Branching is supported in most VCSs. Branching can be an expensive and time consuming operation like in centralized systems that require making a copy of the whole source tree. Branching can also be given a high priority like DVCSs do to make it faster. In git, creating branches is easy, and very fast.
View your branchesEdit
git branch with nothing else to see what branches your repository has:
$ git branch * master
The branch called "master" is the default main line of development. You can rename it if you want, but it is customary to use the default. When you commit some changes, those changes are added to the branch you have checked out - in this case, master.
Create new branchesEdit
Let's create a new branch we can use for development - call it "dev":
$ git branch dev $ git branch dev * master
This only creates the new branch, it leaves your current HEAD where you remain. You can see from the * that the master branch is still what you have checked out. You can now use
git checkout dev to switch to the new branch.
Alternatively, you can create a new branch and check it out all at once with
$ git checkout -b newbranch
Delete a branchEdit
To delete the current branch, again use git-branch, but this time send the
$ git branch -d <name>
If the branch hasn't been merged into master, then this will fail:
$ git branch -d foo error: The branch 'foo' is not a strict subset of your current HEAD. If you are sure you want to delete it, run 'git branch -D foo'.
Git's complaint saves you from possibly losing your work in the branch. If you are still sure you want to delete the branch, use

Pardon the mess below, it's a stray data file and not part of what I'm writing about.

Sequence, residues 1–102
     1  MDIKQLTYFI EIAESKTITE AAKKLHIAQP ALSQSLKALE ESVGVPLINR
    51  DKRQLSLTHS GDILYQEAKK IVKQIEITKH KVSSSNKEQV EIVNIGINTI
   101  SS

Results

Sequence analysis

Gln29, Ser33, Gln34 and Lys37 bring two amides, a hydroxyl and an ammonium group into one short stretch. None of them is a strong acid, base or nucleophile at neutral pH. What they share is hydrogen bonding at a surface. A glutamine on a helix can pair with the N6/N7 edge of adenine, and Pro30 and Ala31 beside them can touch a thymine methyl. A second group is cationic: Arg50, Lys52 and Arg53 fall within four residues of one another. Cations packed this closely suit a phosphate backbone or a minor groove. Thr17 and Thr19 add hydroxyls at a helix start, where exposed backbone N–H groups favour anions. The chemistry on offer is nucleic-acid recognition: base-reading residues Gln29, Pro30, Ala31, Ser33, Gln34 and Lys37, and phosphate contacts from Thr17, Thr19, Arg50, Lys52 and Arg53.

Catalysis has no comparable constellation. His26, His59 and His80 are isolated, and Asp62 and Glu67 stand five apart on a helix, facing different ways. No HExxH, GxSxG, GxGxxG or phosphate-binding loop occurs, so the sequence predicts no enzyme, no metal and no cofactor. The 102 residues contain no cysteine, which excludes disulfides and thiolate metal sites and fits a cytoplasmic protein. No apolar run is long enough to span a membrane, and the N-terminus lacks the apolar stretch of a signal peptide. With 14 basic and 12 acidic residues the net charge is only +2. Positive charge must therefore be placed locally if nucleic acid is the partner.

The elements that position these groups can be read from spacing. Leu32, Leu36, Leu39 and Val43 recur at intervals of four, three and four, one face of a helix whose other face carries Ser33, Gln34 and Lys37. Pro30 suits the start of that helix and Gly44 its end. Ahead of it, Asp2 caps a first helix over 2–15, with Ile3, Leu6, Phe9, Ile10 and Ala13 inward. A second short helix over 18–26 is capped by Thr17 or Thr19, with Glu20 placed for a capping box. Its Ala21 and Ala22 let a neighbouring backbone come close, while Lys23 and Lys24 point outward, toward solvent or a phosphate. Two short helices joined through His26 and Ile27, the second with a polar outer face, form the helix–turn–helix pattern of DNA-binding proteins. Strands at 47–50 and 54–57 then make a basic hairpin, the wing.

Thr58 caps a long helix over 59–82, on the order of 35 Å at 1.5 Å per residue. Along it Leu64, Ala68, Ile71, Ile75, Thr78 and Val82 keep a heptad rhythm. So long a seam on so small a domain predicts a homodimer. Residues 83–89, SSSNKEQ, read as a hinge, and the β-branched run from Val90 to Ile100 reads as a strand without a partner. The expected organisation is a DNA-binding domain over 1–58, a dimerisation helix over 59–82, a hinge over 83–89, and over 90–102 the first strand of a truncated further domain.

git branch -D <name> instead.
Pushing a branch to a remote repositoryEdit
When you create a local branch, it won't automatically be kept in sync with the server. Unlike branches obtained by pulling from the server, simply calling git push isn't enough to get your branch pushed to the server. Instead, you have to explicitly tell git to push the branch, and which server to push it to:
$ git push origin <branch_name>
Deleting a branch from the remote repositoryEdit
To delete a branch that has been pushed to a remote server, use the following command:
$ git push origin :<branch_name>
This syntax isn't intuitive, but what's going on here is you're issuing a command of the form:
$ git push origin <local_branch>:<remote_branch>
and giving an empty branch in the <local_branch> position, meaning to overwrite the branch with nothing.
Branching is the central concept of DVCS, but without good merging support, branches would be of little use.
git merge myBranch
This command merges the given branch into the current branch. If the current branch is a direct ancestor of the given branch, a fast-forward merge occurs, and the current branch head is redirected to point at the new branch. In other cases, a merge commit is recorded that has both the previous commit and the given branch tip as parents. If there are any conflicts during the merge, it will be necessary to resolve them by hand before the merge commit is recorded.
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